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A Victory for Obama: Now What?

By Michele McNeil — May 07, 2008 1 min read
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Now that Obama seems poised to wrap up the Democratic nomination with a victory in North Carolina and a narrow miss in Indiana, the pundits are starting to examine where Obama goes now.

And if he wants to win, that means Obama needs to start pivoting to the center, some say. Fordham’s Mike Petrilli writes on Flypaper about what that could mean for his education policy stances.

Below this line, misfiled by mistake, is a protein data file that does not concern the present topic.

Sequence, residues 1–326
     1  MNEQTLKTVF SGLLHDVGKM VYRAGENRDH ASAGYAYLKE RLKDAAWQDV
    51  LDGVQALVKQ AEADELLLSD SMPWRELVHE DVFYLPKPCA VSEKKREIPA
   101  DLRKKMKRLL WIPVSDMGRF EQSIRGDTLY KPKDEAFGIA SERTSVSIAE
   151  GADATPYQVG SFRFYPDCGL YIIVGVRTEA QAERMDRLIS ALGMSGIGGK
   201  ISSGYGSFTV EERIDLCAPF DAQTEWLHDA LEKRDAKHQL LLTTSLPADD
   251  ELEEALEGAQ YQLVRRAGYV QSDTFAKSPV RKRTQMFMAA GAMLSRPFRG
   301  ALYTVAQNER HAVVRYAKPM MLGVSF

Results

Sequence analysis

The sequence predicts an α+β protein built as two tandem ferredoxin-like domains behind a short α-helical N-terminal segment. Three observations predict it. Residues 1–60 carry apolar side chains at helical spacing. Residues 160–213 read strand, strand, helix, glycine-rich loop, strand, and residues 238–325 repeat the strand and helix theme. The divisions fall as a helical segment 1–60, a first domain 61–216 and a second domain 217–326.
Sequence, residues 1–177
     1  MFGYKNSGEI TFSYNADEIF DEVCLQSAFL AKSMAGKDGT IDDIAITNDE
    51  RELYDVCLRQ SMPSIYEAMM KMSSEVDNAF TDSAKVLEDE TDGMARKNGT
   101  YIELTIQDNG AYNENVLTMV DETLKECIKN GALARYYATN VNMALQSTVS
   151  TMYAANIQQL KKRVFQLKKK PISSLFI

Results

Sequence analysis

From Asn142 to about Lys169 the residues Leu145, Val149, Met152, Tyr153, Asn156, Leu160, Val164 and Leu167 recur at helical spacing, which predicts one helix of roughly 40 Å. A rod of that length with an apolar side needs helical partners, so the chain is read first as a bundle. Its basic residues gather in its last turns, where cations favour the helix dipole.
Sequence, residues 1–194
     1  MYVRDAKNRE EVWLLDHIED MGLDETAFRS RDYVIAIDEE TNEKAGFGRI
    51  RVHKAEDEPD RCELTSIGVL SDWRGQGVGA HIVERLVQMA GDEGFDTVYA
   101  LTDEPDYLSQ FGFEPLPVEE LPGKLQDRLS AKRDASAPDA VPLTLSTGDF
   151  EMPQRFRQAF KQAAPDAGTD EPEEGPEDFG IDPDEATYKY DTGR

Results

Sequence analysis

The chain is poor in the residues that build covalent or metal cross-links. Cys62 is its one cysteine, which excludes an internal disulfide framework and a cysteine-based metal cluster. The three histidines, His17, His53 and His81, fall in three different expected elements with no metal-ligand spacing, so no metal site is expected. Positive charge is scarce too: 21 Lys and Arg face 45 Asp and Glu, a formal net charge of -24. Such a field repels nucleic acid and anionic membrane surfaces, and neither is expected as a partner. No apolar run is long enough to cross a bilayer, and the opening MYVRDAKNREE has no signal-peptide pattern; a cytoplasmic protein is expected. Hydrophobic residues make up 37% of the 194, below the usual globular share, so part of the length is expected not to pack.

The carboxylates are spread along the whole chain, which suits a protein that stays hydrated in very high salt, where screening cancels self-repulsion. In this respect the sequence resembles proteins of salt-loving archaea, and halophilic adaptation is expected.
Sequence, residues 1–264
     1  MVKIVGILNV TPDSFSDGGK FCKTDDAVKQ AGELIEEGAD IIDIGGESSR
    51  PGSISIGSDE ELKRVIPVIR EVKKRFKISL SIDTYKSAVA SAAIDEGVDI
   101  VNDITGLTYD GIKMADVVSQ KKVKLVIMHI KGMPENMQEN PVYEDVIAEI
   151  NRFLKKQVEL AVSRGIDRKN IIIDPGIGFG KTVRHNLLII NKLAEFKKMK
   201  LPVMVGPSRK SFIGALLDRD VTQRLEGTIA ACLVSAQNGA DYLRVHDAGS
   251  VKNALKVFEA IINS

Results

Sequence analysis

As a personal aside, I have to say that I was surprised that Obama did as well as he did in Indiana. I was expecting Hillary Clinton to more soundly beat him, and that’s because, of all the candidates, it’s obvious that he is the one who most represents change. And if there’s one thing Hoosiers don’t readily embrace, it’s change. One of the most heated battles I ever witnessed as a Statehouse reporter in Indianapolis was when Gov. Mitch Daniels dared in 2005 to suggest Indiana should switch to Daylight Saving Time. (We Hoosiers thought it was silly to change our clocks to get an extra hour of daylight, even if the almost the entire rest of the country did.) After months of passionate, sometimes nasty debate, the bill passed the legislature by a single vote. So now Indiana switches its clocks like everyone else. But people still gripe about the change.

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